Several years ago, I became amused while reading a letter to the editor of a newspaper. The letter began, "Because the Bible says that cleanliness is next to godliness . . ."

     The entire letter was based on the writer's belief that the expression "Cleanliness is next to godliness" is somewhere in the Bible. However, it is not there. That letter to the editor was based on a false belief.

     I was reminded of that letter when I read the article "Actually, that's not in the Bible" written by CNN reporter John Blake.  In the article Blake discusses phantom Bible verses and their origins.

If nothing else, Blake's article should be a wake-up call to people who claim that they adhere to the Bible's teachings.

* * * * * * *
Featured Image is in the Public Domain.

Featured Image Source: https://en.wikipedia.org/wiki/Biblical_manuscript#/media/File:Bible.malmesbury.arp.jpg


Christianity is not a political system.


     Every now and then, a Townhall.com columnist will equate the Christian faith with her or his particular political beliefs.


     One example of such equating is the Townhall.com column "Tea Party Report: I Met a 15-Year-Old Christian Girl With More Nerve Than Most Ministers" written by Doug Giles.  In the column, Doug Giles says, "Somehow, somewhere pastors have decided not to speak out against political corruption and instead retreat into their quaint Christian ghetto on the sidelines of life and remain silent as our nation sinks into socialism."


     Well, I have news for Mr. Giles.  Nowhere in the New Testament is socialism forbidden.  Indeed, the New Testament neither endorses nor forbids any kind of civil government.  Like it or not, the New Testament is politically neutral.


     Please don't get me wrong.  I am opposed to the USA being turned into the United Socialist States of America.  I enjoy the rights that I have under the U.S. Bill of Rights, and want the federal government to abide by the Tenth Amendment.


     Yet, I keep in mind that my constitutional rights aren't biblical rights.  Despite what the Declaration of Independence says, nowhere in the Bible does God grant unalienable rights such as "Life, Liberty and the pursuit of Happiness".   The only right mentioned in the Bible is the one mentioned in the first chapter of the New Testament book of John, and that right is purely a spiritual right, not an earthly right. 


     A promotion of political causes isn't the same thing as a promotion of the Gospel of Jesus Christ, and the latter - not the former - is the job of pastors.  Apparently Doug Giles has forgotten that fact.


There is nothing wrong with a Christian supporting a particular political cause.  However, there is something wrong with a Christian getting a political cause confused with the cause of the Christian faith.  Getting the two confused helps neither.

Deliver Us from Evil



     In Ephesians 6:11-12 the Apostle Paul writes, “Put on the whole armor of God, that you may be able to stand against the schemes of the devil. For we do not wrestle against flesh and blood, but against the rulers, against the authorities, against the cosmic powers over this present darkness, against the spiritual forces of evil in the heavenly places.”(ESV)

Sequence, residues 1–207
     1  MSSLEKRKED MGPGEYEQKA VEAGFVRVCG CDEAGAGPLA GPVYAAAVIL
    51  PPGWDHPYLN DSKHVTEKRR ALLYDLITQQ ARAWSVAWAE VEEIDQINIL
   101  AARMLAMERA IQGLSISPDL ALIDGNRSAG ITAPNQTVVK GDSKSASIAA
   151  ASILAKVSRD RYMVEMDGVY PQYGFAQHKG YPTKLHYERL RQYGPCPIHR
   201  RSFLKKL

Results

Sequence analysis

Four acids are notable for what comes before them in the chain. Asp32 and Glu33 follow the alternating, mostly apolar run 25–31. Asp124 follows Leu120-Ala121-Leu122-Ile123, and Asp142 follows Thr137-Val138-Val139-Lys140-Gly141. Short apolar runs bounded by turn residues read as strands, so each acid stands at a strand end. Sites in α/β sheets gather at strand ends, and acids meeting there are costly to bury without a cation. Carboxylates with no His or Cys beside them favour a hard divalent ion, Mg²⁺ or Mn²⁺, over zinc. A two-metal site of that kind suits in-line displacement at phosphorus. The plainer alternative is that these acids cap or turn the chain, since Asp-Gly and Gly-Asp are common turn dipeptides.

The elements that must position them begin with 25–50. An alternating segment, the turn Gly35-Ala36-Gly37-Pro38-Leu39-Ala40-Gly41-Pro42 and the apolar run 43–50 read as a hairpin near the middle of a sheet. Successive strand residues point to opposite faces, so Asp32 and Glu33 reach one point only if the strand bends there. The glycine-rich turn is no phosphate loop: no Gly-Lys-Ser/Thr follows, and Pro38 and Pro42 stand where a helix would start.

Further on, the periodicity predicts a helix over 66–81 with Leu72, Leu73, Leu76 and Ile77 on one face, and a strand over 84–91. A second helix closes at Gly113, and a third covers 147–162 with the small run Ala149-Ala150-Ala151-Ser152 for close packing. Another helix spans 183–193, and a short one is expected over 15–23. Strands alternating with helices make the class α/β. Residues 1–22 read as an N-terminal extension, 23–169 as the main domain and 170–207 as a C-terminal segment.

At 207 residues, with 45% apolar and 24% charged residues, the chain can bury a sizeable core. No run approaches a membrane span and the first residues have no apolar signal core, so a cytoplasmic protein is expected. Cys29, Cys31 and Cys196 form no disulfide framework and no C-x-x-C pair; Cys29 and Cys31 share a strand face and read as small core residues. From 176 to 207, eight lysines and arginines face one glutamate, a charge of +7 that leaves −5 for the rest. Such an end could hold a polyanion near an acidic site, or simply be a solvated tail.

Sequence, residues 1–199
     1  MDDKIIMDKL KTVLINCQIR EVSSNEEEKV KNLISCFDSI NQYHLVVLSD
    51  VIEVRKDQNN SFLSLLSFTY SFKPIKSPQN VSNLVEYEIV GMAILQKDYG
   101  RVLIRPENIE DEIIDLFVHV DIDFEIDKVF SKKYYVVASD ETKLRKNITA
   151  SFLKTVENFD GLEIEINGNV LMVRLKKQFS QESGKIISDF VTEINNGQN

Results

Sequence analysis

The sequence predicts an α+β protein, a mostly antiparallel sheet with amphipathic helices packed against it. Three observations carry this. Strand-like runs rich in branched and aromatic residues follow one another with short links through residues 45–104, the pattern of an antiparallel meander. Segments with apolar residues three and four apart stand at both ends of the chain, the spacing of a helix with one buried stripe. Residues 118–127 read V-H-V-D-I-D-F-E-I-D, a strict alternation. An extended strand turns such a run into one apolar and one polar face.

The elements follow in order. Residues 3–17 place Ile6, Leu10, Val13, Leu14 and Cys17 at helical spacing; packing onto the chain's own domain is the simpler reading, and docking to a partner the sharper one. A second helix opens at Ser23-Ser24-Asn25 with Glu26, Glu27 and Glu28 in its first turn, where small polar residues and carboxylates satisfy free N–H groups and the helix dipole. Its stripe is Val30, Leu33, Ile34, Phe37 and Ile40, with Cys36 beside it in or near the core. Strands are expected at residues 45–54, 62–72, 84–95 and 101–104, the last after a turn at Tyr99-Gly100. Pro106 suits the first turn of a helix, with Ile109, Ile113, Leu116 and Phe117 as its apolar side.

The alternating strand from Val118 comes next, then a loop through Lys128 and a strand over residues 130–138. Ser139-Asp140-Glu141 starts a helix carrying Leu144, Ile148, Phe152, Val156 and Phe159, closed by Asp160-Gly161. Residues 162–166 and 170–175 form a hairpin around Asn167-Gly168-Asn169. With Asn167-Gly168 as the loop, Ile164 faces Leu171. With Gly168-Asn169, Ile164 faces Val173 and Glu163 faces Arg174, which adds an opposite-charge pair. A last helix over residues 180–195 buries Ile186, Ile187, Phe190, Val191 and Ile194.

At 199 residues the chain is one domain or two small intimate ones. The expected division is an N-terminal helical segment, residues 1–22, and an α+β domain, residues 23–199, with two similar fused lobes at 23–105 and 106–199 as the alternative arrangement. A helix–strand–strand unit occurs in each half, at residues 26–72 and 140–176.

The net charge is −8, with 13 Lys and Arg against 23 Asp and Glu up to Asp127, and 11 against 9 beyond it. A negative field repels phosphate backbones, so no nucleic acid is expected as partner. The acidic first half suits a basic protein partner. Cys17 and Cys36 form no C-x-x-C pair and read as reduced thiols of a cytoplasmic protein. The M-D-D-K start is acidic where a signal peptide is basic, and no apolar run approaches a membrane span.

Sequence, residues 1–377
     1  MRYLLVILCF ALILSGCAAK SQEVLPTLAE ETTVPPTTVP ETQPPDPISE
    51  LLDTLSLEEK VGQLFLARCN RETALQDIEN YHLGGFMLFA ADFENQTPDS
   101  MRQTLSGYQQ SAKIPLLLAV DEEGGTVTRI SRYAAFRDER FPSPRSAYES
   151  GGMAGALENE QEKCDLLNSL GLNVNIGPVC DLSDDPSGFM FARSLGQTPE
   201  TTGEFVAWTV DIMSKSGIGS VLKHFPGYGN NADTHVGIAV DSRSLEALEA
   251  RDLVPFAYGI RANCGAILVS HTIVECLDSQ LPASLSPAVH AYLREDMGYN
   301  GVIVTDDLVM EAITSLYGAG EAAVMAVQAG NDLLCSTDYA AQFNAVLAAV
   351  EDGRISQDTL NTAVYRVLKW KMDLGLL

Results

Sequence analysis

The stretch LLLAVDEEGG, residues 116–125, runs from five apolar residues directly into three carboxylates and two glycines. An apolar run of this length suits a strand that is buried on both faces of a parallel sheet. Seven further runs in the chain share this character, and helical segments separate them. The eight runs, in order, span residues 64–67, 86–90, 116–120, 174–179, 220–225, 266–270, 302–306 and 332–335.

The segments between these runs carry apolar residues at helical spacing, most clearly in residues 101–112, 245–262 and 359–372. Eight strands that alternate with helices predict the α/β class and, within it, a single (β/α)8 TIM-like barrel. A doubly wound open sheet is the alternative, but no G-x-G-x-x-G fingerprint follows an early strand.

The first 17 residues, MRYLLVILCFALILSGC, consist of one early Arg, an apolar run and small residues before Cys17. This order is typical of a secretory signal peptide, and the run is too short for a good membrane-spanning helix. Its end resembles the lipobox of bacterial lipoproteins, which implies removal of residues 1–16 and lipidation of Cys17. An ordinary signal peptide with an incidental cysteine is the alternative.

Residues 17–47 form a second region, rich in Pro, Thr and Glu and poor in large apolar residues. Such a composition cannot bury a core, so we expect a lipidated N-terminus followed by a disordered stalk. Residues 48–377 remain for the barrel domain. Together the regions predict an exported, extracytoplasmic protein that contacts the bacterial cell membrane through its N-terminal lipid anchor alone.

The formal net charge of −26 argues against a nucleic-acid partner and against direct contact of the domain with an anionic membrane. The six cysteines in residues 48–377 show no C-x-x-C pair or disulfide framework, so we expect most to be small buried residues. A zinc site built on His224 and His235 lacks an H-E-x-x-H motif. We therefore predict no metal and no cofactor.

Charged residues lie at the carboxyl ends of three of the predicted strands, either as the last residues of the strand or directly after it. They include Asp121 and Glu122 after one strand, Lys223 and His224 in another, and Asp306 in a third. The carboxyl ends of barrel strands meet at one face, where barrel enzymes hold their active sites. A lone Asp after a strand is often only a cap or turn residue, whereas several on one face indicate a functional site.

Residents of the USA, in general, don’t encounter evil on a daily basis. As a result, they live as if evil were not real. Then, evil rears its ugly head in a dramatic way, such as when individuals use firearms to massacre people in a shopping center, a movie theater or a school, or when individuals use bombs to maim or kill people.

     How people respond to such displays of evil varies. Some people overlook the evil that produced such events and instead focus on the means that was used to carry out the events. Some people overlook the evil and instead seek things that may mitigate the responsibility for the evil actions.

     In contrast, Jesus taught people to pray “deliver us from evil”, not “deliver us from weapons” or “deliver us from poverty or anything else that might result in having a bad childhood”. 

     We need to respond to evil by praying the way that Jesus taught, not by putting into practice the expression “See no evil; hear no evil; speak no evil.”


Gay vs. God?



     Nowhere in the Bible do I see it said that the mere possession of homosexual feelings is the unpardonable sin. Indeed, a person who has homosexual feelings does not necessarily choose to have them. 

     Nowhere in the Bible do I see it said that a person with homosexual feelings cannot receive the free gift of eternal life offered through faith in Messiah Jesus.

     Here is what the Apostle Paul says in Romans 10:9-13 (NIV) :

If you declare with your mouth, “Jesus is Lord,” and believe in your heart that God raised him from the dead, you will be saved. For it is with your heart that you believe and are justified, and it is with your mouth that you profess your faith and are saved. As Scripture says, “Anyone who believes in him will never be put to shame.” For there is no difference between Jew and Gentile—the same Lord is Lord of all and richly blesses all who call on him, for, “Everyone who calls on the name of the Lord will be saved.”

     In short, a person who has homosexual feelings does not have to stop having those feelings in order to be born again, in order to be a Christian.

     Granted, the Apostle Paul describes sexual activity between two people of the same gender as being sinful (to put it mildly). However, there is a difference between behavior and feelings. A person can feel the desire to do something that is sinful and still refrain from doing it.

     If Christians with heterosexual feelings can make the mistake of engaging in sexual sin and then have their sin forgiven after they repent, then Christians with homosexual feelings can receive forgiveness for any sexual sin on their part if they repent.